Boueng Kak is the place to go if you want to experience street art, culture and activism. Located in the north of Phnom Penh, near Toul Kork, this area was once a thriving lake estuary, which tourists flocked to. Today, it is still thriving but there is no lake and because of that there aren’t many tourists. Instead there is a dilapidated community adorned with beautiful street art from local and international artists and the people who have a story to tell.
So what is their story?
In 2007, Boueng Kak was leased for 99 years by the Cambodian government to a company named Shukaku. Owned by Lao Meng Khin, a senator in the current ruling political party, his company’s lease was approved by the Prime Minister, Hun Sen.
Upon approval, sand from the Mekong River was taken to fill the lake. So came the sand and by 2010 90% of the lake had been filled. Now it is non-existent. With the disappearing of the lake came the disappearing of its animal inhabitants, but to the dismay of the government not its people.
Before the sand, Boueng Kak was home to 4,000 families, all of whom are now displaced. Some families accepted money from the government as reparation (who knows if they actually got the $8,000USD they were promised), some families got shipped out 20 kilometers out of the city to figure it out for themselves and some families willing left; knowing they had no other option. All of these families lost their homes, piece of mind and livelihood- but they did not loose their voice.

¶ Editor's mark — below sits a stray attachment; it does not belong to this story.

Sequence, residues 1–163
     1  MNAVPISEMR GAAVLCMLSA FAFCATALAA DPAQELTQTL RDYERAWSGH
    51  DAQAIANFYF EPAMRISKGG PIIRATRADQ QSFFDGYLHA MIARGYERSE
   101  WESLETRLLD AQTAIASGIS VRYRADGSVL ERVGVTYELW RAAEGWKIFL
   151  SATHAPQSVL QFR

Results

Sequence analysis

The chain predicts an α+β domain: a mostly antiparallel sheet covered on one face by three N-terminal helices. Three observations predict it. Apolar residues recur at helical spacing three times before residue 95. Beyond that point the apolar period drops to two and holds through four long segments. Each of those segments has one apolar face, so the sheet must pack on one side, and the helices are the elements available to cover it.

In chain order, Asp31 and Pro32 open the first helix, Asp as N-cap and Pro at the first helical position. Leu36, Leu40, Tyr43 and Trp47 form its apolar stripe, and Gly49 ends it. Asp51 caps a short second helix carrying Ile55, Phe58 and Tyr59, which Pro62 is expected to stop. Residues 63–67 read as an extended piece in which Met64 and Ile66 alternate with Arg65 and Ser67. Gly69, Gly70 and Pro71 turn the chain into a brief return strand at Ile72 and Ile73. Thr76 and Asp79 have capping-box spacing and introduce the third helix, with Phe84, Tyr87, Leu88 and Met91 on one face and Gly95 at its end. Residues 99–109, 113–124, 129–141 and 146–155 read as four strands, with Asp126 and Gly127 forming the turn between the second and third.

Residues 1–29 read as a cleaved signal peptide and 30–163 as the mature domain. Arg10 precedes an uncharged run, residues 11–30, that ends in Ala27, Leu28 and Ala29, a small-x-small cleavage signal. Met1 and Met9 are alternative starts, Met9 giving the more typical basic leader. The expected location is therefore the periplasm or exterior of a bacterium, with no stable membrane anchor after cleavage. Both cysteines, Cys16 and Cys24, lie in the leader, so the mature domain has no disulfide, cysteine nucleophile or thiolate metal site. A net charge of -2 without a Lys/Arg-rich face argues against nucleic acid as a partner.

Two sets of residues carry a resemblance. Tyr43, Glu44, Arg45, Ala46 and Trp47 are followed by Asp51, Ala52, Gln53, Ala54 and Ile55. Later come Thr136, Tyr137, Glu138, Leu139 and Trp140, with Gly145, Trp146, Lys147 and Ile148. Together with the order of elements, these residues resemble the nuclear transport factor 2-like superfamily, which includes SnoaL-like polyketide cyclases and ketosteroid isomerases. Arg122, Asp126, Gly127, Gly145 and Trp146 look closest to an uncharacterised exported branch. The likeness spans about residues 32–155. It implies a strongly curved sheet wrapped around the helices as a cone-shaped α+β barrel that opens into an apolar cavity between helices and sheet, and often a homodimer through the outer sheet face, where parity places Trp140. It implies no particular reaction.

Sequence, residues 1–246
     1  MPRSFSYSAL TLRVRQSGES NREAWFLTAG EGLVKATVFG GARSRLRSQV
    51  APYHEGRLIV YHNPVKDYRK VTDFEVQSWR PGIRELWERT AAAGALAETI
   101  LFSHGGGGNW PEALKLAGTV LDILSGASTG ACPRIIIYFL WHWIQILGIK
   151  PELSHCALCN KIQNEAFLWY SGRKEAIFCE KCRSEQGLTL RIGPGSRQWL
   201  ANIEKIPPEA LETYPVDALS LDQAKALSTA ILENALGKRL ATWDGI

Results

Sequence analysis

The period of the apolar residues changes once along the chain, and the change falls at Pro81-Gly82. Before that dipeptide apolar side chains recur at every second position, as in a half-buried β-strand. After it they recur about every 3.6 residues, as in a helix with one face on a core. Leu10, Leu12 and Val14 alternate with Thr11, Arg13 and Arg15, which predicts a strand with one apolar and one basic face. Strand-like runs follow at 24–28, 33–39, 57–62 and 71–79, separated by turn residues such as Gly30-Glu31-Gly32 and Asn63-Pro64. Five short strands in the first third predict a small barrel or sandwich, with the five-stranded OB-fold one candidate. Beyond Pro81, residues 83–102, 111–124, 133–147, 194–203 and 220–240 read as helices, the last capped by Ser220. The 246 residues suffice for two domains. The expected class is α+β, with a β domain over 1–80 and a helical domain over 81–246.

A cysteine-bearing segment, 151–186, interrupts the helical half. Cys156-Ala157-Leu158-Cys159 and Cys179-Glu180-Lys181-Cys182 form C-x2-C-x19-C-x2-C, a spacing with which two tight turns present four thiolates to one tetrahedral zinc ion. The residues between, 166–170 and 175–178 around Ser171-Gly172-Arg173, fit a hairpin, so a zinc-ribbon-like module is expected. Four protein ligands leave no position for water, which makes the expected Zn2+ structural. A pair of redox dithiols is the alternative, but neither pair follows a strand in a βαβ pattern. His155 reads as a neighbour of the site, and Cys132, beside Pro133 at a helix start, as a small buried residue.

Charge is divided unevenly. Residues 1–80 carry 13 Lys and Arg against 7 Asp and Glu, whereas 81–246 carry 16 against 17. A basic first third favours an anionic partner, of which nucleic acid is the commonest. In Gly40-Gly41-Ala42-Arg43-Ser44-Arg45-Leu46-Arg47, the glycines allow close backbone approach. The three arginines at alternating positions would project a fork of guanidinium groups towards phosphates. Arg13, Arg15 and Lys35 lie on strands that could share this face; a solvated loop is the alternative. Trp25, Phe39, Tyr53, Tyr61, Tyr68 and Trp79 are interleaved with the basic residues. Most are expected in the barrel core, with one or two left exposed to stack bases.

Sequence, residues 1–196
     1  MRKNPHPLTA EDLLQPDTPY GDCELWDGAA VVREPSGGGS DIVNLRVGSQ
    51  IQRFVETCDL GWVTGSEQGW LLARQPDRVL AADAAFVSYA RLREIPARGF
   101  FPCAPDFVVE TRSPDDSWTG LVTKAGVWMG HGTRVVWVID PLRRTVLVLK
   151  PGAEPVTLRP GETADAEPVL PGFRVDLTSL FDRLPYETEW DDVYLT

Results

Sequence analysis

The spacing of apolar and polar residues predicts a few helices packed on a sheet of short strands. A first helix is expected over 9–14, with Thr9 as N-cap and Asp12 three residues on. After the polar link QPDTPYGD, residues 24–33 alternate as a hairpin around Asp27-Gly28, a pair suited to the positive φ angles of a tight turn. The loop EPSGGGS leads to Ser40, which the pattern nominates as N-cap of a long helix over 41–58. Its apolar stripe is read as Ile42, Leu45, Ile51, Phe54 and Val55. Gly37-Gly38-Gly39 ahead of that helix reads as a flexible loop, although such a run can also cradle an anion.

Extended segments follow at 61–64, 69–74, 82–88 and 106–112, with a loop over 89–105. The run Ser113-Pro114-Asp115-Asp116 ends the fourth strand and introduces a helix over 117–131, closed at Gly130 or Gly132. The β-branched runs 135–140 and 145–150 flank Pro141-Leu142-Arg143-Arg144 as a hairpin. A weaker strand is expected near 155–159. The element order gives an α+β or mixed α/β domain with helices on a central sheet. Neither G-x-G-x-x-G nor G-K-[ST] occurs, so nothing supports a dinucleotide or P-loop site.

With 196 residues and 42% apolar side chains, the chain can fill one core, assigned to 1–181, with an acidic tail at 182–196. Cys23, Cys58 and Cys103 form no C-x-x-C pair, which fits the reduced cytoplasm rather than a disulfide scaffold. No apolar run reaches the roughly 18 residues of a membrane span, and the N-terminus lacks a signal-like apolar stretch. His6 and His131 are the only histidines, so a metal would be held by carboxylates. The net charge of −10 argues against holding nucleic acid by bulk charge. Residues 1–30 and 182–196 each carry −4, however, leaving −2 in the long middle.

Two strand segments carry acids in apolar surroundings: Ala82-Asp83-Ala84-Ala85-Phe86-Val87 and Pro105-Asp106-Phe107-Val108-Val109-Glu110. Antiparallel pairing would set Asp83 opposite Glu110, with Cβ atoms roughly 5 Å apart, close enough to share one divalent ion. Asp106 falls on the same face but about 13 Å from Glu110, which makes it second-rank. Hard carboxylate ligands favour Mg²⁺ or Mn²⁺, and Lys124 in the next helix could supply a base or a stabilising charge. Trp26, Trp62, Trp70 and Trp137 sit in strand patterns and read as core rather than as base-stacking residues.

They protested in their community going toe-to-toe against police getting shot, sprayed and hit. They’ve marched to government offices and they’ve marched to the Prime Minister’s house. These marches and protests continue to this day.
They drew the attention of the World Bank, and in 2011, a loan ban was placed on Cambodia for the specific reason of the systemic land evictions in the Boueng Kak area as well as others. This ban could possibly be up this year, 2015. The evictees requested to have a meeting with the World Bank in Thailand so they could feel safe speaking freely against their government. The World Bank denied this, on February 20, 2015, and has expressed zero intention of meeting with the evictees before making a decision.
Which brings us back to the beginning. While many are protesting, others have created a space where both local and international street artists are coming to paint. Through originality, they are re-claiming their land and bringing awareness to their space and struggle. Don’t go there expecting to see activism in the form of Occupy Wall Street, all you’ll probably notice is the art, some hostels, plastic tables set up letting you know it’s a restaurant and more than likely some kind of event or party.
This art movement is new and the people themselves aren’t sure what to do with it other than enjoy it, and so should you. If you’re in Phnom Penh and want to experience something truly off-the-beaten path and be a witness to a community reclaiming itself you need to go to Boueng Kak. Check out their Facebook for updates on events and to see pictures of the art. Check out this short, 3.5 minute, video to learn more
Check out this blog for the most up-to-date news on the political situation surrounding the Boueng Kak community and its people.